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We discuss how to find implicit and explicit formulas for planes.

With our modern outlook, we think of slope as being synonymous with lines and derivatives. In single variable calculus, the derivative is the slope of the tangent line. However, this identification of “slope” as being the “key-player” is something of a new idea. Before calculus, people were often interested in finding normal lines to curves. While this might seem odd at first, consider this: A line is the set of all points normal to some vector. Check it out: From this we see that if $\vec {p}=\vector {x_0,y_0}$ is a point (denoted by a vector) on the line, and our normal vector is $\vec {n}=\vector {a,b}$, then

is an implicit formula for the line. This means that if points $(x,y)$ make the equation above true, then those points are on the line. As we will see, a nearly identical implicit formula defines a plane.

Give an implicit equation for a line that goes through $(-2,3)$ and is perpendicular to the vector $\vector {4,-5}$.
Quick, tell me a vector normal to the line $2x-3y = 4$.

### Implicit planes

We would like to know the implicit formula for a plane. Remember an implicit function in $\R ^3$ is one of the form: Here the dot product saves the day. Recall that if $\vec {n} = \vector {a,b,c}$ is any vector, and $\vec {x}= \vector {x,y,z}$, then the equation is solved by all vectors $\vec {x}$ that are orthogonal to $\vec {n}$. We plotted several such vectors below:

From this we see that

gives the formula for a plane. Since $\vec {0} = \vec {x}$ is a solution, this plane must pass through the origin. If we want our plane to be located anywhere in space, we must know a point on the plane, call it $\vec {p}=\vector {x_0,y_0,z_0}$. Putting this together, we can now see:

If you know

• a vector $\vec {n} = \vector {a,b,c}$ and
• a point (given by a vector) $\vec {p} = \vector {x_0,y_0,z_0}$

then,

is an implicit equation for a plane passing through the point $(x_0,y_0,z_0)$ with normal vector $\vec {n}$.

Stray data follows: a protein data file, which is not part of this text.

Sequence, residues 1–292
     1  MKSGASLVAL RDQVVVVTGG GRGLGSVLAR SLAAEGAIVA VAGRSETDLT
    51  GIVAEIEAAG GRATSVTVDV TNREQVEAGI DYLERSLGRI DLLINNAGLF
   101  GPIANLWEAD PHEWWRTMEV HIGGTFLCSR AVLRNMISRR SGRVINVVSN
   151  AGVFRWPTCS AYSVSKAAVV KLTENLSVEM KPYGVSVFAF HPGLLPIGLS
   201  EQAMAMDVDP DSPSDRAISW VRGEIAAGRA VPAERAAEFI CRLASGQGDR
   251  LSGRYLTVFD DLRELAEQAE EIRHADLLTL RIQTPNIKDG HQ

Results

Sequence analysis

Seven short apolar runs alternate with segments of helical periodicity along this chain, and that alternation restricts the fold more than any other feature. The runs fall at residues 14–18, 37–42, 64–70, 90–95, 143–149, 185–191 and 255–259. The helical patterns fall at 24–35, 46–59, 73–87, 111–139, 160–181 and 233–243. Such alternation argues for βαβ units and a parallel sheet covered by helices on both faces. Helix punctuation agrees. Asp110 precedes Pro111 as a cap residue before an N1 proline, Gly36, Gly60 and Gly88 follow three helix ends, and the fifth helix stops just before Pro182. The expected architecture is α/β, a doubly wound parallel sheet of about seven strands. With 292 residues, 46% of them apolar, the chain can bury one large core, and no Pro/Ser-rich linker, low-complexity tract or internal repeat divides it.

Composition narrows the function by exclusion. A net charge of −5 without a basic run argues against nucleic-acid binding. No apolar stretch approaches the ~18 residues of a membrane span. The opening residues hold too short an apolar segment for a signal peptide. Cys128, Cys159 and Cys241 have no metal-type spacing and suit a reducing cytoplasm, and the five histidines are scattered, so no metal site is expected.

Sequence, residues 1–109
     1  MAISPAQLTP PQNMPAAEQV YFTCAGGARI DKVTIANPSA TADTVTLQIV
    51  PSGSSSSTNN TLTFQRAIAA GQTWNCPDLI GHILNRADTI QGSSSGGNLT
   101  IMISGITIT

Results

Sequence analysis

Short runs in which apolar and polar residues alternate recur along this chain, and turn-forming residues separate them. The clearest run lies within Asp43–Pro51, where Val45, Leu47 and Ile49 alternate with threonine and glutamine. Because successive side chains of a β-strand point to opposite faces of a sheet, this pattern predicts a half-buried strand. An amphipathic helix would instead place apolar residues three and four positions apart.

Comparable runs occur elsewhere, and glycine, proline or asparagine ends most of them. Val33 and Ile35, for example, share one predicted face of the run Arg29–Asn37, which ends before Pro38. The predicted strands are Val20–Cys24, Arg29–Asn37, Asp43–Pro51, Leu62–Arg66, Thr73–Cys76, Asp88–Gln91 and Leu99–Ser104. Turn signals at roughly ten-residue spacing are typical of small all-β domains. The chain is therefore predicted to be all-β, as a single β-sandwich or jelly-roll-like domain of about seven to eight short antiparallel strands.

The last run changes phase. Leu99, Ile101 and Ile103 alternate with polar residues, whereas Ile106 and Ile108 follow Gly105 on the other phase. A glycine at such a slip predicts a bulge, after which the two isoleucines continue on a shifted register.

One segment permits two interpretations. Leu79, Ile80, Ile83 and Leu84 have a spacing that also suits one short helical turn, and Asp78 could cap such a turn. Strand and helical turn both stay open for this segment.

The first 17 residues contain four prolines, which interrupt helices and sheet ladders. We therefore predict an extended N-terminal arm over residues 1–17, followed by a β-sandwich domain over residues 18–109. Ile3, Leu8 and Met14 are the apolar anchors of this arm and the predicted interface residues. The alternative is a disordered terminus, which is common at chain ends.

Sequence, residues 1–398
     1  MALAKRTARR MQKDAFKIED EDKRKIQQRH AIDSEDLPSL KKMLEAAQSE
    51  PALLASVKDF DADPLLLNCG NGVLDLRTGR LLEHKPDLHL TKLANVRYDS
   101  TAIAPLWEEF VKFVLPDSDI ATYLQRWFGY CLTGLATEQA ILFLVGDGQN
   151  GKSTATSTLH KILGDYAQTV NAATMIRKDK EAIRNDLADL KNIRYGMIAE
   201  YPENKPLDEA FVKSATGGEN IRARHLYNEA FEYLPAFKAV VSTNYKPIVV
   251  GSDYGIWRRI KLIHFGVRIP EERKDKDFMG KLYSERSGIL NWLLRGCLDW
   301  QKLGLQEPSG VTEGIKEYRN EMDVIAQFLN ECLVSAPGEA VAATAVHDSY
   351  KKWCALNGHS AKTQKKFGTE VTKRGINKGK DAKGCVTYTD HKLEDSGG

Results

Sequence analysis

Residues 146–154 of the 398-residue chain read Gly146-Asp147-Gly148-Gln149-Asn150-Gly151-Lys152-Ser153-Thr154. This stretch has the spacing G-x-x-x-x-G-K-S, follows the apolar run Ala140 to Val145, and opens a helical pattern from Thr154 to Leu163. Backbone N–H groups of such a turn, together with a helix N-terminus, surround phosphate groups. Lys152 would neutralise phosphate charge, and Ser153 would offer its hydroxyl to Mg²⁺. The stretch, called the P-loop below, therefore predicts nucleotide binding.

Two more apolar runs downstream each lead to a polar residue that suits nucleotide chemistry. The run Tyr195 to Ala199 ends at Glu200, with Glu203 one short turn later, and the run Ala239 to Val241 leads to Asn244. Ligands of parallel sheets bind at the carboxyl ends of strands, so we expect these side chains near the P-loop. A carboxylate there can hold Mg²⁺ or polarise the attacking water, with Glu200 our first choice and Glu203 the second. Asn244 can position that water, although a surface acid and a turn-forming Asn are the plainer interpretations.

Find the implicit equation of a plane that passes through the point $(-1,-3,2)$ and with normal vector $\vector {3,-1,1}$. Check your answer by moving the sliders below:

Find an explicit formula for the plane above.

Normal vectors not only allow us to define equations for planes but also they help us describe properties of planes.

What is the (most obvious) normal vector for the plane
Which of the following planes are parallel to the plane $-6x+10y-2z = 4$?
$-2.46x+3.9y-0.82z=3$ $-2.07x+3.45y-0.69z = 8$ $10.38x-17.3y+3.46z=0$ $15.03x-25.1y+5.02z=0$
Which of the following planes are orthogonal to the plane $-6x+10y-2z = 4$?
$34x+16y-22z=0$ $-54x-32y+8z=-3$ $-36x-42y-102z=-17$ $54x+31y-2z=4$

### Parametric planes

Given any two nonzero vectors in $\R ^3$, $\vec {v}$ and $\vec {w}$, such that we can produce a parametric formula for a plane by writing where $\vec {p}$ is a vector whose “tip” is on the plane, and $\vec {v}$ and $\vec {w}$ are in the plane.

Given two nonzero vectors, $\vec {v}$ and $\vec {w}$, what does it mean for $\vec {v}\cross \vec {w} \ne \vec {0}$?
It means these vectors are parallel. It means these vectors are not parallel. It means these vectors are orthogonal. It means these vectors are not orthogonal.

The vector-valued formula for a plane is very similar to our formula for a line, where $\vec {v}$ is a vector that points in the direction of the line, both represent linear relationships, and hence we use similar notation for both.

Now that we have two methods of graphing planes, let’s use both of the representations at once!

Let $\vec {v} = \vector {1,-2,1}$ and $\vec {w} = \vector {-1,-2,1}$. Compute $\vec {v}\cross \vec {w}$.
Use your answer above to give an implicit equation for the plane that passes through the point $(3,2,1)$ that is normal to $\vec {v}\cross \vec {w}$. Check your answer by moving the sliders below:

Now give a vector-valued formula for the same plane using the vectors given above.